The number 2112 is important as this will be the TCP port that our simulation model will be listening on. This must be reachable by HeuristicLab through a network connection (yes this means you can run HeuristicLab on a different computer than your simulation model). You can of course choose another port (basically any number from 1 to 65535, but some numbers like 80 might be used by another application already).

Before each experiment run

quality = 0;
replications = 0;


The call to getMessage() will block, that means the simulation will wait here, until we have received a new set of parameters.

Before simulation run

leave this empty

After simulation run

double penalty = 10000 * (1 + root.histWaitingTime.max());
if (root.histWaitingTime.max() < 0.01) quality += root.meanDailyCost();
else quality += root.meanDailyCost() + penalty;

This calls the cost function in the Main object called meanDailyCost() in this case. This is the target that we want to optimize (note that we add an increasing penalty term if the customer waiting time is above a certain level).

After iteration

try {
  commDriver.sendQuality(currentSolution, quality / replications);
} catch (IOException e) { }
quality = 0;
replications = 0;


This sends the mean quality of the (possible) replications back to HeuristicLab, resets the variables and receives a new message with which to perform the next simulation runs. We are done here. Save the model. You can now start the HeuristicLabOptimizationExperiement, although of course it won't do anything but block until it receives parameters.

Preparing the Optimization Problem in HeuristicLab 3.3

In HeuristicLab we need to define the problem and choose an algorithm with which we can optimize it. The problem is also attached to this page, if you're impatient go down to attachments and download the .hl file.

Defining the problem

Click on the "New item" button in the toolbar (just below the File menu) and look for External Evaluation Problem. Name the problem "AnyLogic Supply Chain Problem". You can also double click the information icon right of the name box to edit the description.

In the Parameters box you'll see a number of different parameters. We need to configure the client that hosts the simulation and the solution encoding that we're using.


Click on the parameter called "Clients" to see the list of clients. For each simulation model that participates in your experiment you have to add a client to this list. So this means you can optimize your parameters faster if you run the simulation on two separate computers (note however, that you need to use the "Parallel Engine" in your algorithm). Per default only one client is configured. Click on EvaluationServiceClient and you'll see another box with parameters. Among those is one called "Channel" which is currently null, meaning that it has no value defined. Click on Channel and then click on the pencil icon to give it a value. Choose the EvaluationTCPChannel by double clicking it in the emerging dialog. Now type the IP Address of the computer where the simulation will run ("" in case it will be run on the same computer) and enter the port number (remember we chose "2112" above). Then we're done with the client.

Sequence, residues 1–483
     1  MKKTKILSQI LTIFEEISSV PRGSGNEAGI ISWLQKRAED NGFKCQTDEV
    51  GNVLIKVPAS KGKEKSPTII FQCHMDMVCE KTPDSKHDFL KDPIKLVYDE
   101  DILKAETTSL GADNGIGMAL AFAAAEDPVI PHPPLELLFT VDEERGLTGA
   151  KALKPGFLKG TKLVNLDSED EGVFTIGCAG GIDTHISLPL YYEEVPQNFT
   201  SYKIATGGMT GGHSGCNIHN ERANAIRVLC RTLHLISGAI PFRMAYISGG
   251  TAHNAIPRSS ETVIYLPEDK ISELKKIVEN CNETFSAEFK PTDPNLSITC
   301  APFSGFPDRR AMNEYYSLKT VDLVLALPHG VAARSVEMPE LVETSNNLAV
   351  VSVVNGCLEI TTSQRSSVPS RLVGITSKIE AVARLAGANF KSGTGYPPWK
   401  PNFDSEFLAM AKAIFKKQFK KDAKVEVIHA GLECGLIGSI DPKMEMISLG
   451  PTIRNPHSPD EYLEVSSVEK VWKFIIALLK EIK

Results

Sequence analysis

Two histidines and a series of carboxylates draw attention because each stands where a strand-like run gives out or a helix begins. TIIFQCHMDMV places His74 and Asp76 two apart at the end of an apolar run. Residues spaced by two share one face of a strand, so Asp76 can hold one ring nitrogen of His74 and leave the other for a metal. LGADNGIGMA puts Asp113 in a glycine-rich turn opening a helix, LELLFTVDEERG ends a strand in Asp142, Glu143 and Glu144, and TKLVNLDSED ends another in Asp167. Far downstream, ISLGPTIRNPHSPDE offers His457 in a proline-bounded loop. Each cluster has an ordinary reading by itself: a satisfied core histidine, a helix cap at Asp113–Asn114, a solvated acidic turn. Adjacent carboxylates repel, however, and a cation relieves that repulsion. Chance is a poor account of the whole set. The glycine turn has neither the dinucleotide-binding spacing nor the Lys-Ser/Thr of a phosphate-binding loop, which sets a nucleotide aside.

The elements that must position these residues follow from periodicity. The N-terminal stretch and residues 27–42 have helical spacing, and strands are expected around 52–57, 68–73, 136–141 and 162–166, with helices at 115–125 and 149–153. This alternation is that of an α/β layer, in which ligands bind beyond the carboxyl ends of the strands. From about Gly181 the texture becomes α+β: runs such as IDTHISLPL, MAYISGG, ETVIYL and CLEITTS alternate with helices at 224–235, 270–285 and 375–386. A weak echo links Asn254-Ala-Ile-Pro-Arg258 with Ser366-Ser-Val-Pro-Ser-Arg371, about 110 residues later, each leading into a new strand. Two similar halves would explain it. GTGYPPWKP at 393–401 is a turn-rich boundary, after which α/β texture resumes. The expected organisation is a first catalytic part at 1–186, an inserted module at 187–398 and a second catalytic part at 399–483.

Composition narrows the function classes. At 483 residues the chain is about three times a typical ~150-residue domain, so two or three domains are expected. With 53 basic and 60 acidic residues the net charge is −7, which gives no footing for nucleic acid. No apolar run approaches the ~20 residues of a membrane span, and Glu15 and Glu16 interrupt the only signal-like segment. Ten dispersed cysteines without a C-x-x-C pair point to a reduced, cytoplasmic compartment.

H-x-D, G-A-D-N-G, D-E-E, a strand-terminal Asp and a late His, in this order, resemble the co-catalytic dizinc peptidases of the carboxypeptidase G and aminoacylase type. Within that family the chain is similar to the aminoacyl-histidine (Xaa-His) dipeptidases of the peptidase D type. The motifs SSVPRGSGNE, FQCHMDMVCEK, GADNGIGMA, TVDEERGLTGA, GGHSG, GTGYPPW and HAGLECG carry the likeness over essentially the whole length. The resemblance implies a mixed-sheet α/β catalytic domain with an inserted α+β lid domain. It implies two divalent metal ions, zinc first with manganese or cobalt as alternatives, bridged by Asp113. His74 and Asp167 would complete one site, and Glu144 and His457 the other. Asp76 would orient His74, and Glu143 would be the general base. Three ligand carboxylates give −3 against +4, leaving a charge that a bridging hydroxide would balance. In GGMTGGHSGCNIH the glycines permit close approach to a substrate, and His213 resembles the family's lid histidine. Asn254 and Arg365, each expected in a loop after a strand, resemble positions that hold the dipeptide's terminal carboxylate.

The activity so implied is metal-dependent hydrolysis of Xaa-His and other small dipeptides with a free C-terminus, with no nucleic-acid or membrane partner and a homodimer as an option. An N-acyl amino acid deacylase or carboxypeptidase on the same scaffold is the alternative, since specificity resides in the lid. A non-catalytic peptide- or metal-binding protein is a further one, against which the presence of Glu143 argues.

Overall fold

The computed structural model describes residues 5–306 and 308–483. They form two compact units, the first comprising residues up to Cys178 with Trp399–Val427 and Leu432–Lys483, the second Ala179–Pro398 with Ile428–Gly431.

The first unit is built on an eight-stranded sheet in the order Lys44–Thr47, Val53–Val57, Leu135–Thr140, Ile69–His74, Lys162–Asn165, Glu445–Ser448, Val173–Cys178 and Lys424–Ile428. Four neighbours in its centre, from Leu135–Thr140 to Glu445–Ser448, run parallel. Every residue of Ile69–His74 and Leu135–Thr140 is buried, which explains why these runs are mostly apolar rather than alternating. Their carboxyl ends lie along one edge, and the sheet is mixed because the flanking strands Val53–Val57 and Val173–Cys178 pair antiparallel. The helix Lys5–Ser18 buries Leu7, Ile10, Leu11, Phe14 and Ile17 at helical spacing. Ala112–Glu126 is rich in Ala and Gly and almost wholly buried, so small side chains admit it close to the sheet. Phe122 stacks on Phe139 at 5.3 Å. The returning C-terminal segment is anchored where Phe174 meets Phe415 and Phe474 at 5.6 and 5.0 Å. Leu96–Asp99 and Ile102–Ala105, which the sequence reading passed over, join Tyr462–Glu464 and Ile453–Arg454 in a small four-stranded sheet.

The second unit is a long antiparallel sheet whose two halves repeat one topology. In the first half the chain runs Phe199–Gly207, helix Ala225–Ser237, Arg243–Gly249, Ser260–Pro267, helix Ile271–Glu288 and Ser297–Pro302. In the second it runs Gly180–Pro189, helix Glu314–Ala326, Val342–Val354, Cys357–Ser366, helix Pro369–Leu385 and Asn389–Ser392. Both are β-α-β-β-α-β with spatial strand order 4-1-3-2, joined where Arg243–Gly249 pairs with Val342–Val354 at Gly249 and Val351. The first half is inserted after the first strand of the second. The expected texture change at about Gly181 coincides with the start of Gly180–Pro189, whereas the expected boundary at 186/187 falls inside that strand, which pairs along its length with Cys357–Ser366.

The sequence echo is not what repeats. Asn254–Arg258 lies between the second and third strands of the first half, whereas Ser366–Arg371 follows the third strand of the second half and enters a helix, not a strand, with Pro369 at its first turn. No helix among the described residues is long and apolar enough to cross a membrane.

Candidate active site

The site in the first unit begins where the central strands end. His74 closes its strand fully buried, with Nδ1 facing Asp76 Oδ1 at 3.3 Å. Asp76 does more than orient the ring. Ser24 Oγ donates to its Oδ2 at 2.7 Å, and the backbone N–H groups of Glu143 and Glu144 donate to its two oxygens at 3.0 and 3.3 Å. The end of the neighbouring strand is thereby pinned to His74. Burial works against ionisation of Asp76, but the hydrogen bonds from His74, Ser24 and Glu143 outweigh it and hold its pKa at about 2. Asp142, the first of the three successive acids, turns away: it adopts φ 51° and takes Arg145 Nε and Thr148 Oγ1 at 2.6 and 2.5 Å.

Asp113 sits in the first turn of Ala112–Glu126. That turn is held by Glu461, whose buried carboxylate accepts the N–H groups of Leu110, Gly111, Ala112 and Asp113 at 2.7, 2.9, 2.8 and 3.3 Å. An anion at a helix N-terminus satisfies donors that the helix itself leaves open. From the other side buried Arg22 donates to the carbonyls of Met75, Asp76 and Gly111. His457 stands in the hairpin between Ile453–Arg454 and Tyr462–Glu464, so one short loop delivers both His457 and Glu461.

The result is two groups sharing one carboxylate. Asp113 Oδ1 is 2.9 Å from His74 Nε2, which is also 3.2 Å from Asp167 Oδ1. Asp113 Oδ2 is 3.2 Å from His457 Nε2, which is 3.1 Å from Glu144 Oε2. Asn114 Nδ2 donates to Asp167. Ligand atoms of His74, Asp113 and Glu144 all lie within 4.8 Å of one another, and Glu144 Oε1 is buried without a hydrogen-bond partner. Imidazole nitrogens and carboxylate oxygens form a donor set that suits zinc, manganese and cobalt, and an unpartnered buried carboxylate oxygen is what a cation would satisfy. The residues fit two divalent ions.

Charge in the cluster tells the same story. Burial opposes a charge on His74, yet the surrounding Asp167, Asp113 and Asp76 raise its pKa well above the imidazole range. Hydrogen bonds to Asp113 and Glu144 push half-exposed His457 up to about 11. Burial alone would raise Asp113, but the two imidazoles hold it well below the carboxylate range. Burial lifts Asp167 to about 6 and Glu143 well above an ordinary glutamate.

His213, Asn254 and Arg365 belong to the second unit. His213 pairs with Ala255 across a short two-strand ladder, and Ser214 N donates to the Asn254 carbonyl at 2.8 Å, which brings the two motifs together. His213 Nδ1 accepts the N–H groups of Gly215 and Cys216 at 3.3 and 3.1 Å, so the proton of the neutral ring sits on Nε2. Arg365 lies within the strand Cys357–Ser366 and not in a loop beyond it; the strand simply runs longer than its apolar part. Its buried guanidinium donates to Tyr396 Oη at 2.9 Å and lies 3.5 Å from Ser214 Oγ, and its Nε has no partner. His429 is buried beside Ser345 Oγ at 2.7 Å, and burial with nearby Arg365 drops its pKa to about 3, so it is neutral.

Next we'll configure the parameter Encoding. Click on this parameter to get its list of parameters.


Define the problem's encoding in that you click on the pencil icon and select the IntegerVectorEncoding from the corresponding namespace. Click OK in the dialog and change the encoding's parameters:

  • IntegerVector.Bounds: Set first column to "0" and second column to "100" - this will be lower and upper bound for every dimension (you can also specify one line for each dimension)
  • IntegerVector.Length: Set to "6"

So we're done with this parameter. The next one is Maximization which we'll not need to touch as it is already false (we're minimizing costs).

You can now save your problem to a file.

Choosing an Algorithm

Next we create a new Genetic Algorithm by clicking the New Item button in the toolbar again. This time create a new genetic algorithm. In the problem tab click to open the problem and select the file that you just created.

Go to the parameters tab and select a mutation operator, e.g. "UniformOnePositionManipulator".

Optimizing the model

Now it's time, we're ready to start the optimization. First switch back to AnyLogic 6 and start the HeuristicLabOptimizationExperiment. Click on the button "Run Experiment" to set it into listening mode.

Go to HeuristicLab and click the green arrow at the bottom to start the algorithm.

Now in the back the algorithm attempts a TCP connection to the given IP Address and port and exchanges parameters with the simulation model. It will receive quality values and use these to determine the fitness of its solutions.